The global flexible workspace specialists found that France is currently the fastest-growing region in mainland Europe, coming second only to the UK. Its closest competitor, Germany, has seen similar levels of growth, with both countries setting a precedent ahead of other European flex office markets including Spain, Italy and the Netherlands. According to the data, Paris is striding ahead of Berlin in terms of market share, with over 50% more flexible offices. Where Paris is by far the largest market within France, Germany’s office market is much more fragmented, spreading across Berlin, Hamburg, Düsseldorf and Stuttgart. The secondary markets of Lyon and Toulouse are the fastest growing French markets, after Paris, but the largest growth percentage was seen in Bordeaux, at 157%.
Steven Khoury, Head of France & Client Solutions Europe, Instant explains:
“Brexit is very much driving the growth of flex space in EU markets, a trend that began when it was first announced in 2016. We’ve seen demand steadily climb as companies look for new cities to put down their roots and as a result, the level of demand for flex workspace in France is now only two to three years behind the UK. Blue-chip clients looking to drive more agility into their office portfolio are driving a significant portion of the demand, choosing to remain nimble in uncertain times. Around 4% of requirements for Paris in the last 12 months were for 25+ desks and it is this demand for larger space from corporate companies that is proving to be the biggest challenge for flexible operators in Paris.”
This increased demand has resulted in considerable price fluctuations within the French market and in the last 12 months Paris has seen some particularly high desk rates achieved; with a minimum desk rate of €190, average €760 and maximum of €2,000. Alongside New York, San Francisco and London, these rates make Paris one of the most expensive places in the world to rent a desk, with demand on the rise.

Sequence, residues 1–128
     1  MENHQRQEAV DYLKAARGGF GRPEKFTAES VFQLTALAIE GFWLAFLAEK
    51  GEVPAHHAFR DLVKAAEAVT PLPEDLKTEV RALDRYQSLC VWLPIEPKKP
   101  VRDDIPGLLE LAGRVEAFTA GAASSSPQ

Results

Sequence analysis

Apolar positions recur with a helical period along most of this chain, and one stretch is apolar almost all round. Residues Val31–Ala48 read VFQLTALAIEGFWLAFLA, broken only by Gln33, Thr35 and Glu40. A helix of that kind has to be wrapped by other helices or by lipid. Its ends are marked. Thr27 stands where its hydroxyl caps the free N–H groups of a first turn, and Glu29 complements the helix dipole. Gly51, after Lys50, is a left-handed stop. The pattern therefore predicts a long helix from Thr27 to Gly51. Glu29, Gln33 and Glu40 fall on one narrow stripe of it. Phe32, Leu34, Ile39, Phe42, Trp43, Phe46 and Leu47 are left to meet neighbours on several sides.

With an increasing number of companies considering flex space in France, it is the established operators who are seizing the opportunity. Regus currently has the largest slice of the French flexible office market, with a 13% share of supply. The remaining top five operators account for just 10% meaning that the rest of the market is made up of smaller, independent operators and traditional landlords who are diversifying their portfolios in order to attract occupiers.
Marie-Fanny Barrois, Head of Serviced for France, adds:
“The largest growth lies within the hybrid spaces (flexible offices and coworking) and serviced office markets which grew by 12% and 10% respectively. Twenty per cent of new centres opened last year were coworking and Instants prediction is that this market will rapidly expand over the next 12 months to mirror its European neighbours. The flex market is really driving the dynamics of the conventional office market, offering a fast, agile route to market for companies of all sizes. The client demand is there, and this will only increase as larger organisations work flex options into their processes. The next stage of growth for the French market is dependent on the ability of the flex workspace market to produce enough supply to match that demand. Something that can only be gained through better collaboration between landlords and operators.”
The next step in the market’s ability to service larger, corporate clients and their demand for more space will see a move to more “Space as a service” solutions. These solutions see specialist third party suppliers sourcing and operating flexible space on behalf of corporate clients and, in effect, disaggregating the relationship between landlord and occupier, and removing the need to self-deliver space. We have seen the number of such solutions increase rapidly in NYC and London as the markets mature, and corporates begin to look for bespoke solutions to flexible workspace requirements. Given the constraints of space in Paris, this would appear to be a natural solution for clients seeking to gain access to the market but wanting to move away from the conventional, leased market.